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City in Focus: Nairobi, Kenya

There is more than one way to try to understand the Horn of Africa. You can get only so far looking at the political boundaries of the nations. Crisp geometric lines divide the countries in some areas, whereas in others a meandering border clearly follows a river or a mountain. More telling, perhaps, is the geography of the region: the arid span of desert begins in northern Kenya and then widens east until it swallows almost all of Somalia and is stopped only by the Indian Ocean. Overlay that with a third and perhaps most important schema of population density. You will immediately see first an artery of densely populated towns streaming south from Addis Ababa through Ethiopia’s rift valley, and then another dense conglomerate huddled around Kenya’s capital city, Nairobi.

But a dynamic that cannot be mapped is political stability. On the Horn, rife with internecine conflict that adds insult to the injury of natural disasters, and turns the crises of famine into crises of mass migration, political stability is a relative idea, often as rare and unpredictable as the rains. But these days, Kenya has more than most. So when the largest drought in 60 years hit the Horn of Africa, slashing at the southern part of Ethiopia and threatening the lives of millions in South Somalia, Nairobi is where the people went.

Eastleigh Estates, a Nairobi community with a high Somali population, is known as “Little Mogadishu.” Once an unassuming suburb, it has become an international business hub. Over the last few years, a steady influx of Somali refugees has completely changed the landscape, and then began investing when the Kenyan government gave the district its increased parliamentary authority. Now littered with money transfer organizations and travel agencies, Eastleigh Estates has become a metaphor for the globalized economy, powered by technological breakthroughs.

But that also makes Nairobi one of the most reliable and stable markets in a region that is in many places descending into chaos. The contrast makes for a predictable osmosis of crime that sweeps vulnerable women and children out of the pastoral hinterlands, into the hope of food and work that major, developed metropolitan areas provide, and often into slavery. Eastleigh Estates holds the promise of a job and a life to many such vagrants, and is the perfect context for fraudulent employment agencies.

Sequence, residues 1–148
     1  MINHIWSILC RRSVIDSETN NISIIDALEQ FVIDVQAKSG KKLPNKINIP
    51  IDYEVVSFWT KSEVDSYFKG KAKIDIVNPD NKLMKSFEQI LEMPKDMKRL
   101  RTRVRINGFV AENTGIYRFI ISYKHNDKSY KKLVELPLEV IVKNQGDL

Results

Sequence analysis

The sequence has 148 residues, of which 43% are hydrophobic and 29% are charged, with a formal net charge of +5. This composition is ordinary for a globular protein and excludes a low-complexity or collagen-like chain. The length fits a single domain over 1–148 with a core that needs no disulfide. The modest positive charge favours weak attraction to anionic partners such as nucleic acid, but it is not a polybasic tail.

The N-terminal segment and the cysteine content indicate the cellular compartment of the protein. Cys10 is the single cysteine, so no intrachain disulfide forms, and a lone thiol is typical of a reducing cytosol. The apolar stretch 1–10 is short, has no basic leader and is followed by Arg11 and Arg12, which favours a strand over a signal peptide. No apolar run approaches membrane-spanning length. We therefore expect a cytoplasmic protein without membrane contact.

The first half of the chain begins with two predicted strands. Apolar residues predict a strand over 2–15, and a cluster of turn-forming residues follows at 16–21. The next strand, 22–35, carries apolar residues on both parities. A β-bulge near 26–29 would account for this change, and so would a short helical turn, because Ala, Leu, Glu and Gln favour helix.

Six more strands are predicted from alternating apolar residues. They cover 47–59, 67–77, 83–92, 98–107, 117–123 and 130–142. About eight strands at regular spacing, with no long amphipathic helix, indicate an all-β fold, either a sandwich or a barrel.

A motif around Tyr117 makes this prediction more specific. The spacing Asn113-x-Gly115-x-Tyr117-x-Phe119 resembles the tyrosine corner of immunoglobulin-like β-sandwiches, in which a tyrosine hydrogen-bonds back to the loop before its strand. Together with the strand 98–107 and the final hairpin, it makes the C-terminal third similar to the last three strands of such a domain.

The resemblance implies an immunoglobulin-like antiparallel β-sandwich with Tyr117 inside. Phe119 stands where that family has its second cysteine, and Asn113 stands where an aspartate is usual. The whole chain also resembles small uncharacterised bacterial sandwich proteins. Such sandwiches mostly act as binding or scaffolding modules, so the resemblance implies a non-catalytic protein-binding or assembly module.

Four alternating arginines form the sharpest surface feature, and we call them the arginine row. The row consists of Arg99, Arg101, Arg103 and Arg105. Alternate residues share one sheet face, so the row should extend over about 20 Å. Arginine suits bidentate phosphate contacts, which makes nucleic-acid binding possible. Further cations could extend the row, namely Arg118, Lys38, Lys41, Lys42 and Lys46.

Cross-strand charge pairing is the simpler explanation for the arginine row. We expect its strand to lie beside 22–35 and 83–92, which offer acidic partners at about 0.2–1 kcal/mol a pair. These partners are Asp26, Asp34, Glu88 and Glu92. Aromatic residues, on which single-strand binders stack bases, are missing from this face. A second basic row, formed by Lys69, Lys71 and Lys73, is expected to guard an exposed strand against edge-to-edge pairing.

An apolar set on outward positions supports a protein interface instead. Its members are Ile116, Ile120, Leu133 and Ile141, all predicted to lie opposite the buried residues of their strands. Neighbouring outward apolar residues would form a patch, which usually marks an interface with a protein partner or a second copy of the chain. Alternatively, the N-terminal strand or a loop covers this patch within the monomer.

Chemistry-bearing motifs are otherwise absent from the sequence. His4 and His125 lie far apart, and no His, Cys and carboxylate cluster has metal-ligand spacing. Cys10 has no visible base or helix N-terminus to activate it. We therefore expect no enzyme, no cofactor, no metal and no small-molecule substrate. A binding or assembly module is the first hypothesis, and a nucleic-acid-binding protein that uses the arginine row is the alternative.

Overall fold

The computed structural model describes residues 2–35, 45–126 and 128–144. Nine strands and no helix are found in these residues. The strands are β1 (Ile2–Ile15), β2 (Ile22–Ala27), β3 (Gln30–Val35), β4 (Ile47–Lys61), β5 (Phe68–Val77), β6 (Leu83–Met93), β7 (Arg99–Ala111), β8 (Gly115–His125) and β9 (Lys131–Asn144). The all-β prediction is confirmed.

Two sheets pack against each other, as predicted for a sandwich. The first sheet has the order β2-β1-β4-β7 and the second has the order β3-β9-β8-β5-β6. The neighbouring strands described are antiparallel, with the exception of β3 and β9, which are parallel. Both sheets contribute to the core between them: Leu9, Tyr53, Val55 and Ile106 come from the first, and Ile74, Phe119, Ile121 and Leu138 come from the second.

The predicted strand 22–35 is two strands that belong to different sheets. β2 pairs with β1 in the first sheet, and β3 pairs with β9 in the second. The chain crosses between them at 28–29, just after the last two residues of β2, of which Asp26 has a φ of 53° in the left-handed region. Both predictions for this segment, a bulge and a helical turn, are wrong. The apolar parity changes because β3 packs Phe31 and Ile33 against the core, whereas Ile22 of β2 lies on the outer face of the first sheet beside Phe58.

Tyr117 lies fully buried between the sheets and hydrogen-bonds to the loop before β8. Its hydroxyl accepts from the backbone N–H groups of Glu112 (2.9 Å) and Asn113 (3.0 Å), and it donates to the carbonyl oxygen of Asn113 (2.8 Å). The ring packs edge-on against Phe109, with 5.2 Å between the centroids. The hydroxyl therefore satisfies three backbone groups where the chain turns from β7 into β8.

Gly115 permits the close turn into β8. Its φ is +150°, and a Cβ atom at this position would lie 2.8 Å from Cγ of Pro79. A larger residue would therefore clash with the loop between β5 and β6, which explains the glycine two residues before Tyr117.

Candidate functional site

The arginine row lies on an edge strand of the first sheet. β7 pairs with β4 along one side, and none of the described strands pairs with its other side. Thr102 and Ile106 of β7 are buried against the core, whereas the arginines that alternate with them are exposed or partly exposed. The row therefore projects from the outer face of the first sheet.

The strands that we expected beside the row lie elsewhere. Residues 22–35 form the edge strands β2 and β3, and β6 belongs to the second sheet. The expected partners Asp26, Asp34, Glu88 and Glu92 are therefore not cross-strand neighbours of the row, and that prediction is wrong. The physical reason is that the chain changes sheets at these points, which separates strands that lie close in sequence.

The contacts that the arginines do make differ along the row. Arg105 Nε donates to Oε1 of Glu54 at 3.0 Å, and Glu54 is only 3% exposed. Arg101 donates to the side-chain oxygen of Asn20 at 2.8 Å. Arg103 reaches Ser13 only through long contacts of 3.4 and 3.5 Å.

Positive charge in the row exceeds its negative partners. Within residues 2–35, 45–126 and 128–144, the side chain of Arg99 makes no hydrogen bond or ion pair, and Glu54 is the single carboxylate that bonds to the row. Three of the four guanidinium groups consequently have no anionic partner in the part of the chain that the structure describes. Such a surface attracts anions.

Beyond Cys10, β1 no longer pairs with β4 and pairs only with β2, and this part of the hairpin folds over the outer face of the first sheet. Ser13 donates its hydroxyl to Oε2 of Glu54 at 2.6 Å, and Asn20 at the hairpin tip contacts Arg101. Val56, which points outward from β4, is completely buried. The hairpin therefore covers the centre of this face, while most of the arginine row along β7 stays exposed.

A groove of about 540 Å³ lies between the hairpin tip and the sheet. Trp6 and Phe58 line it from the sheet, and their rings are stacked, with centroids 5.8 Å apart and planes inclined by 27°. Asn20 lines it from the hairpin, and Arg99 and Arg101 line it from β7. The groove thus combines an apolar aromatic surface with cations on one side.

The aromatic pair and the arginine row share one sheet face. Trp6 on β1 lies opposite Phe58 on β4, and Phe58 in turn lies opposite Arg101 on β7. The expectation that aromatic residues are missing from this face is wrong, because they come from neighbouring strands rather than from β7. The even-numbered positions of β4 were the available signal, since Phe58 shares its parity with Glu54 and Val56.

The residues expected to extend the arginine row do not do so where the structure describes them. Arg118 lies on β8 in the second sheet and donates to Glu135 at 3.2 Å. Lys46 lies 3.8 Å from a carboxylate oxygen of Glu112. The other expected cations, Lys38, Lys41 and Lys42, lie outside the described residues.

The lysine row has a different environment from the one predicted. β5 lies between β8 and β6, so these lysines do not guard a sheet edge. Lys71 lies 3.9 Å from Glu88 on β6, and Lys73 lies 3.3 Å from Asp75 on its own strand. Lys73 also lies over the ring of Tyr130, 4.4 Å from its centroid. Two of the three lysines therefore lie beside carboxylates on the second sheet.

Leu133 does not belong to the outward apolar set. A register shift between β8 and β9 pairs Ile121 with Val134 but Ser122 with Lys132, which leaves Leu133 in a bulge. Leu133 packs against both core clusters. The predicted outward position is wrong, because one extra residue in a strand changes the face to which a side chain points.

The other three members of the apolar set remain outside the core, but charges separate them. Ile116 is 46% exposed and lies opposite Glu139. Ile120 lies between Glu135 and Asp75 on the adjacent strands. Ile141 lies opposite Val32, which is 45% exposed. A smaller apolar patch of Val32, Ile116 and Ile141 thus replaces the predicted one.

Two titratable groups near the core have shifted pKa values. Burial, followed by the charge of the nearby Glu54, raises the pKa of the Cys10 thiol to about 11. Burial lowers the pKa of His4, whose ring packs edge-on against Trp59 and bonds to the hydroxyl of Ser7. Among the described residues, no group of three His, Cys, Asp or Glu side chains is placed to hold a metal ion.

In addition to the usual trends of brothels, that front as massage parlors and strip clubs, there are growing trends in prostitution even among Nairobi’s wealthiest. The Nairobi Chronicle reported that a growing number of young women in Nairobi are resorting to professional escort services to provide their means. Women post their profiles on dating sites in hopes of attracting a wealthy, Western, “romantic” interest. In the same article, the Chronicle reports, “scenes of octogenarian Caucasians walking arm in arm with young Kenyan girls are quite common in our streets. Maternity hospitals in Kenya are also recording an increase in inter-racial babies born to unmarried mothers.” Even men, according to the article, are selling sexual services to an upscale female clientele who either, in the pursuit of career have not made time for meaningful relationships, or who are traveling to Kenya’s resort and tourist areas.

Nairobi underscores a trend that will likely be repeated and amplified in many regions in the earth in the days ahead. Globalization is not an equal opportunity employer: some areas thrive, but usually at the expense of others. As impoverished and vulnerable masses are drawn into modern-day slavery and, more specifically, into sex trafficking, the effete, wealthy classes engage in prostitution, but by the more civilized monikers of “escorts” and “dating services.” When a region or community suffers the practice of prostitution at the highest levels, it will always rationalize the slavery of prostitution at the lowest. Sex should not be included in the practices acceptable for making a living, or we will turn a jaded eye to those who are, under compulsion, sold by madams, pimps, and bar owners night after night.

This City in Focus comes from The Horn of Africa Region. To read an overview of this region click here.


2 Comments on “City in Focus: Nairobi, Kenya”

  1. Bethany G Says:
    February 6th, 2012 at 8:28 pm

    Jesus, please come to Nairobi, though You are already there. We say welcome! For when You come, You set the captives free (Isaiah 61).

  2. Helena Says:
    March 4th, 2012 at 9:03 am

    You will find an excellent documentary on sexual exploitation in Kenya on Youtube. It’s made by jounrneyman films. Be prepared to have your heart torn as you see the injustice of sexual exploitation of the underaged and under privileged.